A confession: I’m terrible with names. I can meet people at parties and forget their names in two sips of a gin and tonic. I’ve tried associating qualities with names: Sally is long and tall, Roxanne leaves a red light on, Bruce favors blue jeans and white T shirts. No luck. Faces are fine. Names, a problem.
I suspect I’m hardly alone in this. But, believe me, it’s not a good thing in a journalist. It’s no better in a teacher, who has to contend with as many as 50 new fresh-faced undergrads every semester. Making matters worse, half the kids sport the same long dark hair-dos and rarely wear anything but jeans.
So, it was interesting the other day when a group of us were talking about the tricks of memory. One fellow vividly recalls watching the Beatles debut on Ed Sullivan in a relative’s house, even remembering his position in the TV room. Problem is, his relatives didn’t live in that house at that time. Another friend mentioned how memories can’t be divorced from the words we use to describe them, so they’re shaped – perhaps distorted – by language. For my part, I fretted that I have few memories of my deceased parents’ faces, but instead recall photos of them.
It’s as if we don’t remember things first-hand. Incidents, people and places are all mediated through words or images. As Paul Simon might say, thank God for Kodachrome. It brings us those nice bright colors (or used to).
More peculiar, I think, is that many of us tend to recall bad things more easily than good or, at least, are affected more by nasty recollections. I have clear memories of slights or troubling childhood events and can summon up unpleasant images in a flash. It takes a bit of work to bring up the happy events.
Does this say something about one’s attitude toward life? Is a naturally happier person more likely to live in a world of upbeat memories? My friend, the Beatles fan, is a happy sort and has no trouble summoning up such a happy time, even if it didn’t quite happen that way. By contrast, does the dour person plague himself with bad recollections just to keep some dark guilt-inspired cloud hovering?
Perhaps we can blame the teachers, nuns, priests, rabbis, etc., who tortured us into profound feelings of guilt about our faults. They could take the tiny flaws in our character or behavior and grow them into gaping holes, making them loom large in person and in memory.
Certainly, personality seems to play a role in what we remember. I know several people who’ve grown up in the same houses with the same parents and yet seem to have had very different childhoods. Their recollections vary wildly, as the happy person bubbles over with cheery memories while the dour one only recalls the bleak moments.
As I chew over these things – oddly enough, on Memorial Day — I’m looking at a group of photos my wife and younger daughter have gathered. They’ll be used in an upcoming bridal shower for our older daughter. In one picture, that blonde-haired blue-eyed beauty, not quite of walking age yet, looks intently at a camera, dandled on the knee of a grinning dad with a full head of hair. Can that possibly have happened? Why is that sublime moment, an ordinary one really, lost to time except for a photo?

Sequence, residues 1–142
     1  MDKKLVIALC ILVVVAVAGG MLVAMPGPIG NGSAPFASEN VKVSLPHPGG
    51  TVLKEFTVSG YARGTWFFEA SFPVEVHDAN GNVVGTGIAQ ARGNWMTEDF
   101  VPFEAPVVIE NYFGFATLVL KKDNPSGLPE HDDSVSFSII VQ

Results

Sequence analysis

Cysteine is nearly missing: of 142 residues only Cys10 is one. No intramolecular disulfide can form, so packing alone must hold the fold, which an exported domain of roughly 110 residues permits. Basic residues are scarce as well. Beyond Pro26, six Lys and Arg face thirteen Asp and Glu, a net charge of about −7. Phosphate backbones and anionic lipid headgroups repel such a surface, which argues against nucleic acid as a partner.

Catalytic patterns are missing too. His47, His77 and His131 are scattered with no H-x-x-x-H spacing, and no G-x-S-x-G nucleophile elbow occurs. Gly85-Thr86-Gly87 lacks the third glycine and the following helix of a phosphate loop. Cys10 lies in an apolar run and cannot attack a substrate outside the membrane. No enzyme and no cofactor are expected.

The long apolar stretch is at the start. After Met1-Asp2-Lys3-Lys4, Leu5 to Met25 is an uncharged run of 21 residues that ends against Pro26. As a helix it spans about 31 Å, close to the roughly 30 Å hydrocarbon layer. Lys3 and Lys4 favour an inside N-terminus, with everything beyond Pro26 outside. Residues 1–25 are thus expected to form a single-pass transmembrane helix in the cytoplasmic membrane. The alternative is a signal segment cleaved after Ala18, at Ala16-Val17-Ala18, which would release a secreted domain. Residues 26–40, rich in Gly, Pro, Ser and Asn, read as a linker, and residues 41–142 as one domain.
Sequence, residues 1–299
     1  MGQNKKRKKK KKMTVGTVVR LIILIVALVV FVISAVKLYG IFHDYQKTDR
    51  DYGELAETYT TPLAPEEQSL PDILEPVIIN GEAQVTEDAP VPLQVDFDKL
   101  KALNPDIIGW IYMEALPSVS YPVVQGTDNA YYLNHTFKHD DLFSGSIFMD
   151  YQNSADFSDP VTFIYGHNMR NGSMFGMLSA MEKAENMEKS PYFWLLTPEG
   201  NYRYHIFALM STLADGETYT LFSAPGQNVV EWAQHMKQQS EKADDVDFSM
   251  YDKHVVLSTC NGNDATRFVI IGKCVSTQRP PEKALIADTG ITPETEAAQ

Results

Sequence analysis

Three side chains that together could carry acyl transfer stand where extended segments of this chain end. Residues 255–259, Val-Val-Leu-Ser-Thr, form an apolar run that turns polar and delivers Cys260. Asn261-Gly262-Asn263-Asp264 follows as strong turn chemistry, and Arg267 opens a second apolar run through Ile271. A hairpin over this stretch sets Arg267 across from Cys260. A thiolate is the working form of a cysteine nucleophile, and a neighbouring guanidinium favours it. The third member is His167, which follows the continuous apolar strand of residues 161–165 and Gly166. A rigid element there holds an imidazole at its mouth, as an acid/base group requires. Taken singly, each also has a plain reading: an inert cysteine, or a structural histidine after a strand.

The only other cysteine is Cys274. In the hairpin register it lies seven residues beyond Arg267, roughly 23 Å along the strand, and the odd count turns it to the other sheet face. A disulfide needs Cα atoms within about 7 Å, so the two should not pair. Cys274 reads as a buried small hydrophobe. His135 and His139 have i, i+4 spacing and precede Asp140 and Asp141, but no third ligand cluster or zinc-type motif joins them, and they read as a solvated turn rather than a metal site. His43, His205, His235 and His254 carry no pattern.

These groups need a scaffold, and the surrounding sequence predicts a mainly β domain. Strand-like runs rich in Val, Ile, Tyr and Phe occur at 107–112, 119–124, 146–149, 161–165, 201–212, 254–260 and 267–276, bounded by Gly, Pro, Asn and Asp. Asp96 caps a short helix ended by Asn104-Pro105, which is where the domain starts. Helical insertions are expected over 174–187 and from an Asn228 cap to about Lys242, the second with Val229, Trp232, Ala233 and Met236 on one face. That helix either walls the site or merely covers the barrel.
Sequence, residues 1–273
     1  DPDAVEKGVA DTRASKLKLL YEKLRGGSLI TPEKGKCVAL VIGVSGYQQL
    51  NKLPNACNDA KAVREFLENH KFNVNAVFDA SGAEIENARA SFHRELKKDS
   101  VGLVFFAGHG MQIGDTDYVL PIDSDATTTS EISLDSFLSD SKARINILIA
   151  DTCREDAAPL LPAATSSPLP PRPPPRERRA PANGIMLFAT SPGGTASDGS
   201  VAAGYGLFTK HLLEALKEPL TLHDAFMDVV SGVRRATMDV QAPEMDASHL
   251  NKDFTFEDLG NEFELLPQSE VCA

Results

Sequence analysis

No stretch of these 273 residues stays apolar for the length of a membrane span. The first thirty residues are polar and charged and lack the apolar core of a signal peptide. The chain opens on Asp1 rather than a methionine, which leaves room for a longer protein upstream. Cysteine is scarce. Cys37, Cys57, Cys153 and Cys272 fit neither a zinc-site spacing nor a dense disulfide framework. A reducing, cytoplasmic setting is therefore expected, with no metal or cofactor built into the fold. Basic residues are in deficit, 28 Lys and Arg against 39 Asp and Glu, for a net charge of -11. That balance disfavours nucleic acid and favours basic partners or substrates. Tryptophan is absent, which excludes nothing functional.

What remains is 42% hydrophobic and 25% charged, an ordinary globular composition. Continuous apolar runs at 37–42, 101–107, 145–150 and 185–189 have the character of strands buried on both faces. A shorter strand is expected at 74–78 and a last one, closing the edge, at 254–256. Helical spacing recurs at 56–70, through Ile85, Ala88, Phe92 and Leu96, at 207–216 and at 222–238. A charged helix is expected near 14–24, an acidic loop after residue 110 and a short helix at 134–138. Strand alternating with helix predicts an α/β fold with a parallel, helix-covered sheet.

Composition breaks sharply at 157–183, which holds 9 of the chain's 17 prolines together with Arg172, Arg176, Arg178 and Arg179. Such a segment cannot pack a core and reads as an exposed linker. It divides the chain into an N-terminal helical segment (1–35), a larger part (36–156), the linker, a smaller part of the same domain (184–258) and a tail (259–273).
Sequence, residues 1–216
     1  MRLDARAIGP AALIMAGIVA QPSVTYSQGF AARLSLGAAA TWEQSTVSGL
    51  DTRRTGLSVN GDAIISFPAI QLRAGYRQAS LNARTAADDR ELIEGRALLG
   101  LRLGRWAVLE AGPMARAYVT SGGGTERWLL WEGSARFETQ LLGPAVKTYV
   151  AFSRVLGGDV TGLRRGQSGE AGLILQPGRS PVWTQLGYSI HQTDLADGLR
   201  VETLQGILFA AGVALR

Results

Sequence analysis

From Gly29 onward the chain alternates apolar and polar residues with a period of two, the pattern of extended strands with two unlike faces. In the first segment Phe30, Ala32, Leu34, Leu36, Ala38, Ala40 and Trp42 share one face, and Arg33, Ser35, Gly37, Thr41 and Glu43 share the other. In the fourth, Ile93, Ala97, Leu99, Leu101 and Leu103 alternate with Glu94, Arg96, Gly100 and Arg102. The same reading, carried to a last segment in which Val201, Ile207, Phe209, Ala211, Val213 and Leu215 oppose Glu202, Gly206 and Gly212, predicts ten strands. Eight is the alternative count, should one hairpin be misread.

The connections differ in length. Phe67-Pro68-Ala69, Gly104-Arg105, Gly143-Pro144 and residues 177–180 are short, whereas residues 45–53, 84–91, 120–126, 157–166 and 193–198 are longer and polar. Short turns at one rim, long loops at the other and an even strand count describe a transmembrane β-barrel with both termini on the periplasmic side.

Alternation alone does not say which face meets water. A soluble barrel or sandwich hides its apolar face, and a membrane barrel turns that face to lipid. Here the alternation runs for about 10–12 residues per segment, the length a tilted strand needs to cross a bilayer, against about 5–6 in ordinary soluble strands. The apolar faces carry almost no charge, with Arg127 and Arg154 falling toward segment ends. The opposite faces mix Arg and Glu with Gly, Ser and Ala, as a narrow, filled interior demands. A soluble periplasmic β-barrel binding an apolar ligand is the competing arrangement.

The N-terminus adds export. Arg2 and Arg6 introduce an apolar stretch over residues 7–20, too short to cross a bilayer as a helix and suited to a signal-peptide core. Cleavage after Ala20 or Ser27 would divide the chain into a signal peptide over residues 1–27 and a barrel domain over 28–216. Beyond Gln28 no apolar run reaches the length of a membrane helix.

In another photo, all three kids stand before a fence with the Statue of Liberty far off in the distance. My gosh, were they cute. The youngest, who just beamed at her college graduation, flashed a smile to die for some 17 years ago or so. And can that handsome little guy on the left possibly be a military officer today, all grown up and serving at the moment in a dangerous place?
Lately, I’ve been photographing lots of things, in part because I need to develop a better facility with multimedia techniques. Job requires it. But my younger daughter and I just got back from a trip to the Grand Canyon in which she got pretty irritated at the camera. Why ruin the experience, she asked? Why do we want to take pictures anyway? Why not just enjoy the moment?
These are fair questions. But, graybeard that I am, I argued that pictures are not for showing friends where you’ve gone – nobody does that anymore. No, pictures are the ways we freeze time, which otherwise passes all too quickly. For a 22-year-old, the passage of time is inconsequential. For her father, it’s a different story.
Someday, she’ll dig through all those photos in our basement or troll through image banks on Facebook or its equivalent. She’ll laugh and weep at the memories they’ll conjure up. Will they be accurate memories? Probably not. But will they be true? In their own way, no doubt. Now, about those names, if anyone can recall some good tricks for keeping them in mind for just a semester or so …